We try to refrain from empty superlatives here at Criticwire, but it’s hard to think of a reason why Jordan Hoffman’s ranking of every single episode from every single ‘Star Trek’ show is not the most amazing list any one person has ever complied. That’s nearly 700 in total, including the original series, “The Next Generation,” “Deep Space Nine,” “Voyager,” “Enterprise,” even “Star Trek: The Animated Series.” (“You have an issue with that,” Hoffman suggests, “send a telegram.”) So we reached out to Hoffman to explain why he boldly went where no one — with good reason — has gone before.
Criticwire: First question: Are you insane?
Jordan Hoffman: I may in fact be suffering from the PSI 2000 Polywater Toxin Virus.
Criticwire: Where did the idea for the list come from?
JH: Playboy.com has
a relatively new entertainment editor, Marc Bernardin. He came to me
with this. He knows that I’m a huge Trek fan, that I lead panels at Star
Trek conventions and that I frequently write a column on StarTrek.com called “One Trek Mind.” Yes, Criticwire, I don’t just review movies, I have a secret life, and I am not ashamed.
JH: This is a complicated question, and needs something of a lengthy answer.
I decided, for kicks, to watch every single “Trek” episode in order.
Those hard case DVD complete seasons of the Original Series had just
come out. I had seen most of all of “Star Trek” already. Maybe missed a “Voyager” or “Enterprise” here and there. I kept brief notes (with some star
gradings) on my blog. I did this on off-hours, and it started before I
was a professional film critic. When I began I was working on my last
film project. My day job was as a licensed New York City tour guide.
When I was hired full time as the movies editor at the now-defunct UGO.com, I continued pecking along. I concluded in November of 2010. I remember a friend saying to me “I’ve never known you when you weren’t watching an episode of ‘Star Trek’ each night.”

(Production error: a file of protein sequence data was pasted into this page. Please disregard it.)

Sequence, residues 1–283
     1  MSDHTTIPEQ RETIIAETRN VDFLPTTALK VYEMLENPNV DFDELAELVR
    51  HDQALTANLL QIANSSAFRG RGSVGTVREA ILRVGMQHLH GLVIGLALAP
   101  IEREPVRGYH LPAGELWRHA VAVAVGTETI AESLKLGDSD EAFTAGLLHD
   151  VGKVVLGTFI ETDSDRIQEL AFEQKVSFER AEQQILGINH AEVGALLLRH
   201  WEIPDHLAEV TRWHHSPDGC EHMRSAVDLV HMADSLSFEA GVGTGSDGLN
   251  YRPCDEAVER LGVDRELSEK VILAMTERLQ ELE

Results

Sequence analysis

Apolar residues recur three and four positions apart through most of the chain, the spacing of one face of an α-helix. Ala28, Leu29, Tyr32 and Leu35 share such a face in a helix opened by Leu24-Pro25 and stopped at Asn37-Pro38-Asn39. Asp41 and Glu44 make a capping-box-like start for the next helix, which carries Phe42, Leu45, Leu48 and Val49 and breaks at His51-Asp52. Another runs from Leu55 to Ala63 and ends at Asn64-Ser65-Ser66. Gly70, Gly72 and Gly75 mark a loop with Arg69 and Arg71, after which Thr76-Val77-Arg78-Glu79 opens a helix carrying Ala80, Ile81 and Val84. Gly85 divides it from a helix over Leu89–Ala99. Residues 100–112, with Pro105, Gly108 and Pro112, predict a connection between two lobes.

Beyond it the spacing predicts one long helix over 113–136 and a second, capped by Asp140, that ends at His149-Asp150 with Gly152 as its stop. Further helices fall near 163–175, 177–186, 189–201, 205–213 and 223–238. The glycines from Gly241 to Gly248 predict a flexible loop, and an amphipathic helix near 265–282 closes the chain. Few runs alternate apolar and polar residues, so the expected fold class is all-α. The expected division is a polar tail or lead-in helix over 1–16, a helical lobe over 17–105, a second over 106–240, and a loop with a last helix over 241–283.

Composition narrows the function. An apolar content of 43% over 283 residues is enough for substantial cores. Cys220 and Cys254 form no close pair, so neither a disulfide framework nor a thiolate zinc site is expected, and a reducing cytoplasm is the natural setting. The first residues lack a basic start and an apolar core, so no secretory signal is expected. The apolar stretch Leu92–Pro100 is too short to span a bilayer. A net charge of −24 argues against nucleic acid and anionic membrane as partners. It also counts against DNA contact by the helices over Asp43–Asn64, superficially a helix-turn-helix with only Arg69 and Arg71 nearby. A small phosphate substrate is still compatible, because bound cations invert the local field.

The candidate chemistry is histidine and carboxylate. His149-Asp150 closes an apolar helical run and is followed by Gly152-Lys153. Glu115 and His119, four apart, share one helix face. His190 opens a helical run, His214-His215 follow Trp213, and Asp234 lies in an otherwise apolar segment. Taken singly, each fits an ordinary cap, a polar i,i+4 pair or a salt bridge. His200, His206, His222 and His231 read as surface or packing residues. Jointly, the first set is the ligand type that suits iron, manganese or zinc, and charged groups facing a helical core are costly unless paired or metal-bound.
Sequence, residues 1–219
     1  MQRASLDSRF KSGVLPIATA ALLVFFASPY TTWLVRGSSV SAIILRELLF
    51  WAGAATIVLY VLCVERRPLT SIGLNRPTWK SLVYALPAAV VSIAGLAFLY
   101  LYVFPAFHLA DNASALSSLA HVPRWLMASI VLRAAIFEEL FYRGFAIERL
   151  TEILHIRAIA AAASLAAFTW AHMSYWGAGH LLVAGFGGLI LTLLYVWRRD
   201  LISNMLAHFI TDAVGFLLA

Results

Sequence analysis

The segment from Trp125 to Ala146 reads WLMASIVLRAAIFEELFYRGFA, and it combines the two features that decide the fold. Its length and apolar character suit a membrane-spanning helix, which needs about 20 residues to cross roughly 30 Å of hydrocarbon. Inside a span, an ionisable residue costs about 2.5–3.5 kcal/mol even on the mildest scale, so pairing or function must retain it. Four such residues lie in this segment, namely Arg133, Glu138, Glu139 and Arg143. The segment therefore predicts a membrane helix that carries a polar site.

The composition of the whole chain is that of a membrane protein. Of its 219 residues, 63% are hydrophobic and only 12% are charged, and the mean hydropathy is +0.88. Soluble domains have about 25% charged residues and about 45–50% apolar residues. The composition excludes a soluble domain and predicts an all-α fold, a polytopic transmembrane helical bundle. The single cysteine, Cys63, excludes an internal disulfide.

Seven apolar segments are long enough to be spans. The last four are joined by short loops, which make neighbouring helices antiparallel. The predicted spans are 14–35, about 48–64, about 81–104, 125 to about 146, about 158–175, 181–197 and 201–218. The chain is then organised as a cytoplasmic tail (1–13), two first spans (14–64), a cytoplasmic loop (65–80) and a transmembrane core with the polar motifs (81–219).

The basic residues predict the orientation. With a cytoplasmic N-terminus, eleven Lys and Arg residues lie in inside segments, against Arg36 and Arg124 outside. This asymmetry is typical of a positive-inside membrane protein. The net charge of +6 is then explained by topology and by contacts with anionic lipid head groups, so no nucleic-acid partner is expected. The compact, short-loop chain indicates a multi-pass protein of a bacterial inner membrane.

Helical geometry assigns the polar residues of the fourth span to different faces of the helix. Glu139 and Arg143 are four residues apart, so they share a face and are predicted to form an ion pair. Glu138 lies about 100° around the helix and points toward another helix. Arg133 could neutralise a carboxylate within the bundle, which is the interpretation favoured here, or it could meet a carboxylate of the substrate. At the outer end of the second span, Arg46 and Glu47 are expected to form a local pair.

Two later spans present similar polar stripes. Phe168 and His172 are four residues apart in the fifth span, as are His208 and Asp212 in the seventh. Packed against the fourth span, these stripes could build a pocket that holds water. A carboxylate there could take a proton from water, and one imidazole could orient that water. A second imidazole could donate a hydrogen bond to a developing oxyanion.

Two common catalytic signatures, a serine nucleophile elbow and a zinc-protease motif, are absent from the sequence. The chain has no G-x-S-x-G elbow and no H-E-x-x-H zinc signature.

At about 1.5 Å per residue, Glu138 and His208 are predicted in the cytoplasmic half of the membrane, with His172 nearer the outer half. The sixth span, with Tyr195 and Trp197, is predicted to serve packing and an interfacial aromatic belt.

I had some thoughts on each episode already in my files. What I did
next was maybe a weird way to go about it, but it worked for me. I went
and ranked each series individually. That’s 3 seasons of the Original
(that’s Kirk-Spock-Bones), 1.5
of the Animated (yes, there was a cartoon), 7 seasons of “Next
Generation,” “Deep Space Nine,” “Voyager” and then 4 seasons of “Enterprise.” Getting these rankings in shape took a long time. I didn’t do it all at
once. I would do, say, all seven seasons of “Deep Space Nine” one day,
then another the next. I had other assignments sprinkled throughout and
some lead time.
these individual lists I printed them out and created something of a
repeated six-way death match, to interlace them. Starting with the top
slot I looked at each #1 across the different categories and went with
my gut. “What is the best one in contention for this spot right here,
right now.” When I picked the winner I crossed it off then moved down
the list. I dunno, I felt this was the best way to go. This took maybe a
full day, uninterrupted. I wanted to make sure I got it right, so I hit
YouTube to watch clips a lot.
created certain rules about what to do with two-parters vs story arcs
that I’m sure will annoy some fans. I also kept the movies out of it.
blurbing took roughly four full business days. I sat at my kitchen